15 Pictures of Traditional Chinese Clothes in Song and Tang Dynasties

Tang Dynasty 

In Chinese history, the Tang Dynasty (AD 618-907) was a period of unity and prosperity when the politics and economy were highly developed. Women’s dress and personal adornments of the Tang Dynasty were outstanding in China’s history. The clothing materials were exquisite, the structure was natural, graceful and elegant, and adornments were splendid. Below are some pictures showing traditional clothes during that time:

Tang Dynasty. This Tang general is shown in fur-trimmed leg armor worn over elaborately decorated boots. He wears a headdress and has tied a scarf around his shoulders. His flowing skirt allows for freedom of movement.

Tang Dynasty. A Tang official wears a hat denoting his rank as a civil servant. His simply cut robe is held at the waist by a belt.

Tang Dynasty. This musician performs for a formal occasion at the palace. Her high-waisted full skirt is tied with a long, flowing sash. Ornaments and a bow decorate her hair.

Tang Dynasty. This young woman`s long robe is held in place by a wide sash wrapped around her hips and securely knotted. Her hair has been divided into two sections, twisted, and fastened with barrettes.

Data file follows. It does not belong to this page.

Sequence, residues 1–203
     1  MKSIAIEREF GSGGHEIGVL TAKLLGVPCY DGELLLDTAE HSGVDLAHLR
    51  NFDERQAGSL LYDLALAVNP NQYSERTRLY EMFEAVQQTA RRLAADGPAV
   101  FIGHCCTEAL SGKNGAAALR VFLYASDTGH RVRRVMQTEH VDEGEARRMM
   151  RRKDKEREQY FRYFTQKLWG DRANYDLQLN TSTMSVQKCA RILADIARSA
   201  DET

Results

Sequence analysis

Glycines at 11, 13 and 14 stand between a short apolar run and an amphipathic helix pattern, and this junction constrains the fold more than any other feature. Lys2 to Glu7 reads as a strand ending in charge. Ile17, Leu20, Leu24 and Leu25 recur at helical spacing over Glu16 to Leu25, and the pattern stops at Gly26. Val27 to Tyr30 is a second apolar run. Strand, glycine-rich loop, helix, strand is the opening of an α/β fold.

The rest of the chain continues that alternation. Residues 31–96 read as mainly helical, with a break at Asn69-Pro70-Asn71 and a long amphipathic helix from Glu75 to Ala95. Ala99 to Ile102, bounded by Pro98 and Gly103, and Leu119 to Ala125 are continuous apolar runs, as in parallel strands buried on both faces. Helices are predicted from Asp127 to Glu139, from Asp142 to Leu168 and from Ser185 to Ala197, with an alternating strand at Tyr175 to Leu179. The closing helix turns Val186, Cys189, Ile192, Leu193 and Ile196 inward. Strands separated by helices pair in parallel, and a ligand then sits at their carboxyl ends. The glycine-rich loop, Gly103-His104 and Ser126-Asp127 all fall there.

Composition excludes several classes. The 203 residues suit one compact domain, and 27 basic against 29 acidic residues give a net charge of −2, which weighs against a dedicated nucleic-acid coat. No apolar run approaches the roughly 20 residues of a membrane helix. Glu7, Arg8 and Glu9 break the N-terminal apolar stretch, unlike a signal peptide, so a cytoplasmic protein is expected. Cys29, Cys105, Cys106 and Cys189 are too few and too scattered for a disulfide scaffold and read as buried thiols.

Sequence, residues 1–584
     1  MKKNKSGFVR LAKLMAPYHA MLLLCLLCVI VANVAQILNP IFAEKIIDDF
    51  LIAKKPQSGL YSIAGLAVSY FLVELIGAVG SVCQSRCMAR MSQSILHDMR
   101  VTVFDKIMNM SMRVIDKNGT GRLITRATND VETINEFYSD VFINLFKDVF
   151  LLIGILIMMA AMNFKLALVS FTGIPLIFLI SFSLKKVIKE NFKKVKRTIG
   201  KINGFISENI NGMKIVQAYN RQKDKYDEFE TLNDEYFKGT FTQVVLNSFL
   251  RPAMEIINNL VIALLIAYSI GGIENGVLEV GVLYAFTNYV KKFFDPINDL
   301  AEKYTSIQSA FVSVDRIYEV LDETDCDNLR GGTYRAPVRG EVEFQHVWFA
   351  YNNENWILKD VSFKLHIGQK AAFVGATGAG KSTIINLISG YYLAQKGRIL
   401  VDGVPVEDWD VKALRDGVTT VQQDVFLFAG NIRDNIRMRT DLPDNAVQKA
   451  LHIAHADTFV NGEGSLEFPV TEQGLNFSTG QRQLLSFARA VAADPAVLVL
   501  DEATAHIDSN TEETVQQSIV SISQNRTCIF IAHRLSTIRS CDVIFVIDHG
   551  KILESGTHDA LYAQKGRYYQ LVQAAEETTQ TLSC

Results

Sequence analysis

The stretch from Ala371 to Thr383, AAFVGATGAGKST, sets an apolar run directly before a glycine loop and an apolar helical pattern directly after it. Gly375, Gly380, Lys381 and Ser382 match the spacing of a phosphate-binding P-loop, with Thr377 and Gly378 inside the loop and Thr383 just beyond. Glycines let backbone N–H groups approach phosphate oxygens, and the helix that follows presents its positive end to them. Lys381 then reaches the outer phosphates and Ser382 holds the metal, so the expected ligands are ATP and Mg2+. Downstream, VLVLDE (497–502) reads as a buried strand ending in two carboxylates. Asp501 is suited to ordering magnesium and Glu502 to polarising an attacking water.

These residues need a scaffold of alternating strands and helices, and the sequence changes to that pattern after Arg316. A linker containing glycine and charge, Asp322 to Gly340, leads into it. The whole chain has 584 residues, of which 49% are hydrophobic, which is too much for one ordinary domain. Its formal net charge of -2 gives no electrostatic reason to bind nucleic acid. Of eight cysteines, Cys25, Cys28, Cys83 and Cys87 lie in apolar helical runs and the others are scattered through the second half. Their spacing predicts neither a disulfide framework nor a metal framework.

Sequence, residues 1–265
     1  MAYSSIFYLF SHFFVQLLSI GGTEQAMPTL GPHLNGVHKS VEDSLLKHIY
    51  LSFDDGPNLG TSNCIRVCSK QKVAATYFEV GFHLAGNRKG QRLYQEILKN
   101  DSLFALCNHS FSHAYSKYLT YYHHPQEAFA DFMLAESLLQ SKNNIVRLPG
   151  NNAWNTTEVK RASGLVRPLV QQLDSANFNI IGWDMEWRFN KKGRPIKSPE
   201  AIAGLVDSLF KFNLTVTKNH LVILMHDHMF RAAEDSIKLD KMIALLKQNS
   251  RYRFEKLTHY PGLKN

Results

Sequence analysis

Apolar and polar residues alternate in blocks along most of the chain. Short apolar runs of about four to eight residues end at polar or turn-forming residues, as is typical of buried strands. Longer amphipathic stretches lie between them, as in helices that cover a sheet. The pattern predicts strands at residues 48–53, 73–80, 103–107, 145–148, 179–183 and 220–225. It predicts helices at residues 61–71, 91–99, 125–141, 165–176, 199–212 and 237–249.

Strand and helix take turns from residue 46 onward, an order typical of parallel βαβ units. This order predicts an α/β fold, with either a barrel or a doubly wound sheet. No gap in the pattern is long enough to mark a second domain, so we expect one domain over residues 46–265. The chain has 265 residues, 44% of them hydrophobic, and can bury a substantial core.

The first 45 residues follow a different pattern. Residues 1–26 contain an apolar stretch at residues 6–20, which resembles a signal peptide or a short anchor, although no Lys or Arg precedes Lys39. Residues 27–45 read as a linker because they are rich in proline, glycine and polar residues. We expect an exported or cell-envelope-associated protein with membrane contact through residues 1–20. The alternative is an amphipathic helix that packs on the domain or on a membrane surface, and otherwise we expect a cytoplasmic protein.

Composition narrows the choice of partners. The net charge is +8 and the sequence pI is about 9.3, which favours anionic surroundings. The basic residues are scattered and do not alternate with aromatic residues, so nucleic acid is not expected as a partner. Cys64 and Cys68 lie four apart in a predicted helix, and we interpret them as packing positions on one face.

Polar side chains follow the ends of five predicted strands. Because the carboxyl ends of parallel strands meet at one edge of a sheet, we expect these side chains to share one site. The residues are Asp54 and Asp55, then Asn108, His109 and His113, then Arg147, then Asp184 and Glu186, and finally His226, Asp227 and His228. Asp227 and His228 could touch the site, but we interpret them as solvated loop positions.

Tang Dynasty. This upper-class woman wears a strapless high-waisted dress under a transparent robe. The robe is secured by a knotted sash. She carries a fan, a popular accessory. Her hairstyle was known as “hundreds of flowers”; hairpins and other implements were used to construct the elaborate hair arrangement. The curled toe slippers show a Persian influence.

Tang Dynasty. These women of the imperial palace wear the popular dress of the day – a high-waisted dress with full, flowing skirt. The long scarves that they have draped over their shoulders flow down their backs. Te woman on the right wears the “double bun: hairstyles both hairstyles are adorned with ornaments containing precious gems.


Song Dynasty

Costume of the Song Dynasty (960-1279) was simple and natural, reflecting the development tendency of the era.Costume in the period carried on features of costume in the Tang Dynasty (618-907). Women’s costume mainly included blouses, jackets, coats, skirts, robes, short gowns and long coats. Most garments without belt and buckle had an erect collar and were buttoned down the front, and protective collar was sewn on the outer edge at the neckline. Collar edges and sleeve edges of all clothes that have been excavated were decorated with laces or embroidered patterns. Such clothes were decorated with patterns of peony, camellia, plum blossom, and lily, etc.

Song Dynasty. These military men wear outfits consisting of layers in different lengths, worn with a tunic and trousers. Both wear boots and caps. Their swords, arrow bags, and bows are suspended from their belts.